This should give you a measurement somewhere between 4 and 4 ⅝ inches. That is your grip size. Now simply check our table below to convert for wherever you’re buying your racket.

Understanding Racket Parts and Specs

Finally, as you start to research different rackets it’s easy to get blinded by jargon. If you don’t know your grip tape from your grommets or your butt from your bumper guard take a look at our handy guide to racket parts.

The other specs that sometimes cause confusion are as follows: 

Head Size – Obviously enough refers to the size of the main hoop where the string bed sits.

Graphic showing measurements of tennis racket head sizes - midsize, midplus, oversize and superoversize

String Pattern – Tells you how many main and crossstrings in the string bed. An open string pattern such as 16×19 has fewer strings than a denser pattern such as 18×20. Open string patterns are better for spin and power, closed patterns are better for control.  

Balance – A racket’s balance refers to where the weight is distributed in the racket. If it’s mainly in the handle we’d describe it as ‘Head Light’ making it easier and faster to swing while a ‘Head Heavy’ racket offers less control but greater power.

Racket balance graphic. Head Light, Balanced and Head Heavy

Stiffness – Rackets are designed to flex when making contact with the ball. The higher the stiffness rating the less the flex. That tends to mean a more powerful but less comfortable racket.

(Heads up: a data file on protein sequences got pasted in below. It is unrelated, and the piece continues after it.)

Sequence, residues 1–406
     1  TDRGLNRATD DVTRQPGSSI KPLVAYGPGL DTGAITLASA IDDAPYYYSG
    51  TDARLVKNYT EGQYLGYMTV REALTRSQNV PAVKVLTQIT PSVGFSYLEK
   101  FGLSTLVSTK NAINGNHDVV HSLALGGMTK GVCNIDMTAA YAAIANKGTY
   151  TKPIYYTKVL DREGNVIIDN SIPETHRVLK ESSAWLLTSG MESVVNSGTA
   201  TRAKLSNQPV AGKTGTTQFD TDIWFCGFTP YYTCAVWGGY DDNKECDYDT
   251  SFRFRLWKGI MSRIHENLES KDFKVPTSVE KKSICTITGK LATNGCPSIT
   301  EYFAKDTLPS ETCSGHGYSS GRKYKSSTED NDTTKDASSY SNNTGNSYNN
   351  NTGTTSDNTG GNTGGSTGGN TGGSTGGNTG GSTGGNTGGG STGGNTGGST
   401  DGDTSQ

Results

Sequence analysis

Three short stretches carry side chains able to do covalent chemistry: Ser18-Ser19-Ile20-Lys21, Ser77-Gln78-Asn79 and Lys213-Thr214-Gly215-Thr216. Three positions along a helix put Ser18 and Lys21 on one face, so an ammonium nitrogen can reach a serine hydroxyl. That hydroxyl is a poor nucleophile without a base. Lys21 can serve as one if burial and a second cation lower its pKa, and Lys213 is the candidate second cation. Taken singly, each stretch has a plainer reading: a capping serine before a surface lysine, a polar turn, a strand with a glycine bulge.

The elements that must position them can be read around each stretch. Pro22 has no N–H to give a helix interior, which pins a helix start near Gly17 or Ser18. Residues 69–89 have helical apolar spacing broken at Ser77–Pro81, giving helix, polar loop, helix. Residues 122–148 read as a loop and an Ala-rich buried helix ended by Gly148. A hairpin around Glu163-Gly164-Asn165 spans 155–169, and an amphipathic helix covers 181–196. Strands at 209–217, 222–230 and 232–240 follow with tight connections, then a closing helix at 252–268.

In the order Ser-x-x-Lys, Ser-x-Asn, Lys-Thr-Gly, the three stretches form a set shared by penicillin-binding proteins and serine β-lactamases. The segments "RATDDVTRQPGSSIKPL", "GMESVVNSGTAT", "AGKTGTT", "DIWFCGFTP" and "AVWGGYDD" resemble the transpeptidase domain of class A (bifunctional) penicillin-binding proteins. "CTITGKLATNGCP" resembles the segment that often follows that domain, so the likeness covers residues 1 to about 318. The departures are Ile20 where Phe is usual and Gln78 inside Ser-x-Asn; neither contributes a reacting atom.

It’s Not Racket Science…

Hopefully this guide has pointed you towards a racket that will enhance your game and lead to many happy hours on court. 

But remember – there’s no substitute for trying a racket out for yourself.

Lots of good tennis retailers offer a demo programme where you can try before you buy. If you’re based in the USA, Do It Tennis will send you up to three frames free of charge, you just pay for delivery (although, full disclaimer, we are an affiliate so may receive a small commission if you make a purchase). 

If you’re wondering how you’re going to cart your shiny new racket to the courts be sure to check out our guide to the best tennis bags. And why not treat yourself to a new can of balls while you’re at it.